by Dr. Tanya Reynolds, DC
on Jun 2nd, 2017
The Benefits of Bone Broth
One of today’s hottest health trends is actually a centuries-old tradition.
Ancient cultures have long understood the many health benefits of bone broth—that it is a rich source of immunity-boosting nutrients delivered in an affordable, easy-to-prepare form. And chefs throughout history have used bone broth to enhance the depth of flavor in a recipe.
But nowadays people with high-performance lifestyles have started adding protein-rich bone broth to their health and fitness regimes—so much so, that tons has been written on the subject and broth cafes are springing up around the nation. So why all the sudden hype over something that’s been around since humans started cooking over fire? Let’s start by explaining exactly what bone broth is.
The Difference Between Broth, Stock and Bone Broth
While the words broth and stock are often used interchangeably, the methods of preparation and cooking times lead to some pretty significant differences. Broth—which is what you typically find on the shelves of your supermarket—is made from mostly meat, but can contain some bones. Think of boiling an entire chicken. The whole process typically takes less than two hours and the resulting broth is light in flavor and thin in texture.
Stock, on the other hand, is made from bones, which may have a bit of meat on them, that have been roasted and then boiled for a longer period of time. Stocks have a richer flavor because of the roasting process and thus are better for flavoring recipes.
Bone broth is a bit of a misnomer then, because it is actually a “stock” made from roasting and cooking bones for anywhere from eight to twenty four hours. The longer cooking process produces gelatin from the collagen-rich joints but also releases trace minerals and amino acids. In bone broth, these nutrients are rendered highly absorbable and easy to digest. The most beneficial of these nutrients are outlined below.
Gelatin helps strengthen hair and nails, and body builders have been using it for decades to help improve joint health and reduce inflammation. Bone broth also provides the amino acids—glycine and proline—needed for collagen production. Collagen keeps our skin smooth and firm and reduces wrinkles, so providing the building blocks for this important protein ensures that our bodies are able to create enough of it.
Gelatin also supports digestive health and is believed to help sufferers of leaky gut and similar disorders heal their intestines and better absorb nutrients. This occurs in part because gelatin enhances gastric acid secretion and restores a healthy mucosal lining in the stomach. Gelatin also absorbs water and helps keep fluid in the digestive tract, promoting good intestinal transit and healthy bowel movements. Furthermore, gelatin helps detoxify the body because of the amino acid glycine, which assists the liver with its housecleaning duties (more on glycine below).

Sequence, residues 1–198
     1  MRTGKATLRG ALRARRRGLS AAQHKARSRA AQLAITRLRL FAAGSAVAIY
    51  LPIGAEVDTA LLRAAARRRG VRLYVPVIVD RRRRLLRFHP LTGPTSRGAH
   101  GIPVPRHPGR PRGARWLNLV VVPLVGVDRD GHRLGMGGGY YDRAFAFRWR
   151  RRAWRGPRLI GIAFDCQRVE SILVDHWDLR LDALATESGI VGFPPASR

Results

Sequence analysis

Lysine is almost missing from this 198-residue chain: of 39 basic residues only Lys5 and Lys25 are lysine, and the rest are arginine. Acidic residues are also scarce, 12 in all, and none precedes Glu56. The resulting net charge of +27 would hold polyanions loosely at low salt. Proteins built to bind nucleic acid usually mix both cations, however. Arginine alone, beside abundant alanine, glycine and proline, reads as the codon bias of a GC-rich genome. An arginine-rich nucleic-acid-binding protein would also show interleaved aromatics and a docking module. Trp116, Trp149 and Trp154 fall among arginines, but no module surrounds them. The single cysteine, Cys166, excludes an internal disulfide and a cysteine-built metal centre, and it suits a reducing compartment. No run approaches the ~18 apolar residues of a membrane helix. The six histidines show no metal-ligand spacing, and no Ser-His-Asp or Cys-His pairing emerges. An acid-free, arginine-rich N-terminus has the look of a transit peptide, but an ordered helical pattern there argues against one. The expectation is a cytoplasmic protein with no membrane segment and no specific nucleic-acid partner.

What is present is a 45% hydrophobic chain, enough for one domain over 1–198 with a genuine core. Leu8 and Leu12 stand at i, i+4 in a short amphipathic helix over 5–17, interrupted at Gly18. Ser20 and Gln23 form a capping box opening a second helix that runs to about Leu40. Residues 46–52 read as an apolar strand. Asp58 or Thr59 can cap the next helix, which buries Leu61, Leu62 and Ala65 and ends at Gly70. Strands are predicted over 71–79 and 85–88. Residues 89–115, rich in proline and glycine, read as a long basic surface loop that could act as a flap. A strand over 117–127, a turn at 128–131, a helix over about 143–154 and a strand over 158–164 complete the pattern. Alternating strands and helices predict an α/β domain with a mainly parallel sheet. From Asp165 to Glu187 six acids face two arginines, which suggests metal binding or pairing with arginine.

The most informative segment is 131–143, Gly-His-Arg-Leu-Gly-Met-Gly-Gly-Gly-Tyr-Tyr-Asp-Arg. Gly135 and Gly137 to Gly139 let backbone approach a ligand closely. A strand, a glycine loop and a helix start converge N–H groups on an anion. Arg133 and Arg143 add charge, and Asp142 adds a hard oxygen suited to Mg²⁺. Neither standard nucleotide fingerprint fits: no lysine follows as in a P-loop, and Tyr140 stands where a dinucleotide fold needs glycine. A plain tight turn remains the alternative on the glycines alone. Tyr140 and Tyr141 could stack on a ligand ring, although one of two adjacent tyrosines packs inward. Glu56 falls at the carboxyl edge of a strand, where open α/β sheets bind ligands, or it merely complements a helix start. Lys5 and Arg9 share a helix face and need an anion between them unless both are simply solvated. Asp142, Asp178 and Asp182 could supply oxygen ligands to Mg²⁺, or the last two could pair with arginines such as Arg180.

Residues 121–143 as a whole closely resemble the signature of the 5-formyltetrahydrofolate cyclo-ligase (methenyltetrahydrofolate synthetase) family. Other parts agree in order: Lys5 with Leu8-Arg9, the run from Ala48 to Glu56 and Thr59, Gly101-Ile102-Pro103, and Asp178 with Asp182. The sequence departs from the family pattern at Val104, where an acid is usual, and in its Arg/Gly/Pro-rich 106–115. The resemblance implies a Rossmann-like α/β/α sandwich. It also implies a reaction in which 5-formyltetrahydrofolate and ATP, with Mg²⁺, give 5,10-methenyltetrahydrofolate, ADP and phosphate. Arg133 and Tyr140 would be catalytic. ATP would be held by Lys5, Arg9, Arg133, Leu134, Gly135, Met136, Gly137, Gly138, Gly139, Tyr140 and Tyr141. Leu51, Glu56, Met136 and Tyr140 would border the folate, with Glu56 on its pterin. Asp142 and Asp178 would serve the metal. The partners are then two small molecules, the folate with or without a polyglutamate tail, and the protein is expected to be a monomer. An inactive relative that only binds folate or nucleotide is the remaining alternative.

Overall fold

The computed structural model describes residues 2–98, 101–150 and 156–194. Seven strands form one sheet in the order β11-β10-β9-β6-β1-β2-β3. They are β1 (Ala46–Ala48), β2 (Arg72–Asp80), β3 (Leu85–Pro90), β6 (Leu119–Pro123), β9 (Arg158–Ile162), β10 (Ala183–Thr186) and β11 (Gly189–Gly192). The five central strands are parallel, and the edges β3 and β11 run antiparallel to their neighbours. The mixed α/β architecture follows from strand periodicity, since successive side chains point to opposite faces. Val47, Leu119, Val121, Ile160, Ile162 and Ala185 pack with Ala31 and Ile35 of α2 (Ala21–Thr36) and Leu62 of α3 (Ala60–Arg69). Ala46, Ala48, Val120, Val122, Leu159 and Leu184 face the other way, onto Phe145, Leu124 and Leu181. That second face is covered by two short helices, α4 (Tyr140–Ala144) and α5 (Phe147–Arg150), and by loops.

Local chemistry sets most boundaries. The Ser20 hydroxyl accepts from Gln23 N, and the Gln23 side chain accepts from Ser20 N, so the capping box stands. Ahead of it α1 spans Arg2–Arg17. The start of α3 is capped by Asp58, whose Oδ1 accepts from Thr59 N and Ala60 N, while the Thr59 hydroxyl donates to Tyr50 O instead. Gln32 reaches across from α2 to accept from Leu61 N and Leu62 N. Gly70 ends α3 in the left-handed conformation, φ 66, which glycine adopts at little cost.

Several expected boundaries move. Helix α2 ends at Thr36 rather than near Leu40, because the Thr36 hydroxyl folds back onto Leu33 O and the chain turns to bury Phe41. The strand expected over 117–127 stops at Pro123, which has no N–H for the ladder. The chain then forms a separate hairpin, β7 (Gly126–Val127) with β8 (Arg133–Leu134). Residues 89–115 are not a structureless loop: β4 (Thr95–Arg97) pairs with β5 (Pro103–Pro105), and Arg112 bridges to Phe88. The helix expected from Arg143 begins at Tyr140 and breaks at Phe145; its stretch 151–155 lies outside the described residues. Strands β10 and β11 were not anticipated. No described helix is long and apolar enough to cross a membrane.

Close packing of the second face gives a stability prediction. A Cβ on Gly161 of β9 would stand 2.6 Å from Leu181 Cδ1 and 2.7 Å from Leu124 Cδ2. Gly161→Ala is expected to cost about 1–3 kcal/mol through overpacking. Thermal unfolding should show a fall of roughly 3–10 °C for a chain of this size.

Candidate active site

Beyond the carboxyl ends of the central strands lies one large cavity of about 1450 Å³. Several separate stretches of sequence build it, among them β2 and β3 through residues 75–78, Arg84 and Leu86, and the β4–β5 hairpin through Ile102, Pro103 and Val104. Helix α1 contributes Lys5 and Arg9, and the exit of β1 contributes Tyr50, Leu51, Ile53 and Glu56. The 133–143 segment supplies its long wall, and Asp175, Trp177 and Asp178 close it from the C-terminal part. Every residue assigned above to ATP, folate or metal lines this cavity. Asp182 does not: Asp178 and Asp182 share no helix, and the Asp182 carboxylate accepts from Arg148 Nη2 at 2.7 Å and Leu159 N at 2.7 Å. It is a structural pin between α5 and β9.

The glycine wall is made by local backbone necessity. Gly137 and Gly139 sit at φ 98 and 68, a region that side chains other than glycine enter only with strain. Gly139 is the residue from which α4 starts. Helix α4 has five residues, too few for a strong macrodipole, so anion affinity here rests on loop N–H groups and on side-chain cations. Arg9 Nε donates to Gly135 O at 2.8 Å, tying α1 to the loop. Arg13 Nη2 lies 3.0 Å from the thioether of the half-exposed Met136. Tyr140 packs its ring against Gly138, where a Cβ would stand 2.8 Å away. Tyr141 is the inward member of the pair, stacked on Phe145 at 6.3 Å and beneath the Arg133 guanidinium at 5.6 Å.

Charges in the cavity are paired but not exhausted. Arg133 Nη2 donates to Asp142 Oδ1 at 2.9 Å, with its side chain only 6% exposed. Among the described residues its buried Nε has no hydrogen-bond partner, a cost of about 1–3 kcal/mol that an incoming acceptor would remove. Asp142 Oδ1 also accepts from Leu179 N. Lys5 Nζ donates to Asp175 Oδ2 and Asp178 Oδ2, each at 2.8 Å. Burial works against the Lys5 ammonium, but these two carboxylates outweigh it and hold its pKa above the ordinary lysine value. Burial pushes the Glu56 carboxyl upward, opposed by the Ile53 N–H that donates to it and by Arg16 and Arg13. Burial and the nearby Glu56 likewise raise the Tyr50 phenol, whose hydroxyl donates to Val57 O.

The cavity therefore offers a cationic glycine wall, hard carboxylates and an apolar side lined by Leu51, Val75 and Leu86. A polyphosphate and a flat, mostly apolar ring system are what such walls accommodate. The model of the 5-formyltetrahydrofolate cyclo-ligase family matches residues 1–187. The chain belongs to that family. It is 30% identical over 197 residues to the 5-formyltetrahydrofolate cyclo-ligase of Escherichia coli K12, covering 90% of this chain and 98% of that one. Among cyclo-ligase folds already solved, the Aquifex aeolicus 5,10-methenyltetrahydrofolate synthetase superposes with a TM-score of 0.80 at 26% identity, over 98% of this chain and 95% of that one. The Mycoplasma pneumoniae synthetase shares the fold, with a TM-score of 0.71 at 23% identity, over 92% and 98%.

The simplest of all the amino acids, glycine is produced by the body and is therefore not considered essential. Building our own amino acids is much less efficient than consuming them from foods, however, and scientists believe we can’t make glycine efficiently enough to keep up with our body’s demand in the absence of dietary sources. Consuming bone broth is one of the most effective ways to add more of this amino acid to our diets.
Glycine is used in the synthesis of hemoglobin, bile salts and other naturally occurring chemicals within the body, which are in turn used for blood sugar regulation, digestion, proper functioning of the nervous system and wound healing. Glycine also enhances muscle repair and growth by increasing levels of creatine and regulating Human Growth Hormone secretion from the pituitary gland. (1)
Besides helping the body to make collagen, proline is often recommended for its benefits to the heart, because it enables the blood vessel walls to release cholesterol buildups into your blood stream, decreasing the size of potential blockages. Proline also helps your body break down proteins for use in creating new, healthy muscle cells.
So while meat and dairy are both able to provide us with the above vitally important nutrients, you just can’t beat the quantity or absorbability of them in bone broth. To make bone broth at home, check out this recipe (http://nourishedkitchen.com/roast-chicken-stock/). And this article (http://www.bonappetit.com/test-kitchen/common-mistakes/article/common-mistakes-bone-broth) has tips and tricks on making it taste great every time.
If making bone broth from scratch is too much to add to your busy schedule, I recommend this high quality, all-natural bone broth protein (add affiliate link), free of common allergens and GMOs.